Ga. Appeals Court: Items in Browser Cache Not in Users’ ‘Possession’
According to court documents from the case, Edward Ray Barton was indicted on sexual exploitation counts based on photos discovered on his laptop computer. Barton’s wife provided law enforcement authorities with the laptop after the Walker County Sheriff's Department began investigating allegations of child molestation.
Barton was acquitted by a jury on sodomy and child molestation charges, allegations that Barton’s attorney Daniel J. Ripper said came out during the Barton’s bitter divorce proceedings, but he was convicted of the sexual exploitation charges based on the photos on his laptop, and sentenced to serve a jail term of 20 years.
At the jury trial, a forensic computer analyst from the U.S. Secret Service testified that each of the child porn images on Barton’s computer was stored on the laptop’s hard drive within temporary Internet file folders. The agent said that the existence of the files indicated that Barton had viewed the images via the Internet, but hadn’t taken any further action to save them to his computer, and Barton could not have retrieved the images without using special recovery software that he did not possess.
According to court documents, the Secret Service agent testified that Barton had looked at each of the 106 images over the course of two separate sessions that totaled less than four hours on Dec. 2 and 3, 2003.
The agent also testified that even those images that display on unwanted pop-up ads are stored on a computer’s hard drive, but did not say whether any of the images on Barton’s laptop came from pop-up ads.
Barton appealed his conviction, asserting that the state had not demonstrated that he “knowingly possessed” the images, as he had not taken any affirmative action to save the images to his computer, and that he was unaware that the computer had automatically saved the images, and that he had no means to access the images on his laptop.
The panel of appellate judges concurred with Barton, although they expressed clear displeasure in doing so.
“Reluctantly, we must agree,” wrote Judge M. Yvette Miller for the appellate panel.
As determined by the court, the ruling was strictly a matter of statutory interpretation, and hinged on the term “knowingly to possess.”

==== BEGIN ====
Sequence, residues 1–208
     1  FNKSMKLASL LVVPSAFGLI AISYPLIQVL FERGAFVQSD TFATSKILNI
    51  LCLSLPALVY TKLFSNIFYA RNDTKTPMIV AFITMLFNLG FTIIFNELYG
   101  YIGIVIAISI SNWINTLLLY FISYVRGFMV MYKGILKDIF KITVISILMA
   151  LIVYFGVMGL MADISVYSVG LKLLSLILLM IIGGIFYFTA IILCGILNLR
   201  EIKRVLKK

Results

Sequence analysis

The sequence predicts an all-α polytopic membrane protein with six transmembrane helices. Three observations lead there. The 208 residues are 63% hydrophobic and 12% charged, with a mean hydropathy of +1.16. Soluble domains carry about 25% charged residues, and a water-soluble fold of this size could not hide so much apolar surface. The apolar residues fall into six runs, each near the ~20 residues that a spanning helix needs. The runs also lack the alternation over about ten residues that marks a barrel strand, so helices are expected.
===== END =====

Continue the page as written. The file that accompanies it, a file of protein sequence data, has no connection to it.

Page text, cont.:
As noted by Miller in the appellate panel’s ruling, while other state and federal courts have considered meaning of similar terms, “(n)one of those decisions…. found that a defendant may be convicted of possessing child pornography stored in his computer's temporary Internet file folders, also known as cache files, absent some evidence that the defendant was aware those files existed.”
Herbert E. Franklin Jr. of Walker County, the district attorney who prosecuted the Barton case, said that the court’s ruling could make life more difficult for law enforcement and prosecutors in future Internet-based child porn cases.
“With the computer-savvy folks out there … it’s going to limit our ability to prosecute, I would think,” Franklin said, according to Law.com.
Adult industry attorney Rob Apgood told XBIZ that while the court’s decision may not sit well with many observers, the decision was the “proper ruling” under the law, and was consistent with the rulings of other courts in cases with similar circumstances.
“You can end up with material in your cache that you never actually viewed, after all,” Apgood said. “We’ve all had situations where you go to a site and only see the top of the page before you decide ‘this isn’t what I wanted to see.’ You then click the back button and go about your merry way — but the rest of that page is recorded into the cache, whether or not you actually viewed it yourself.”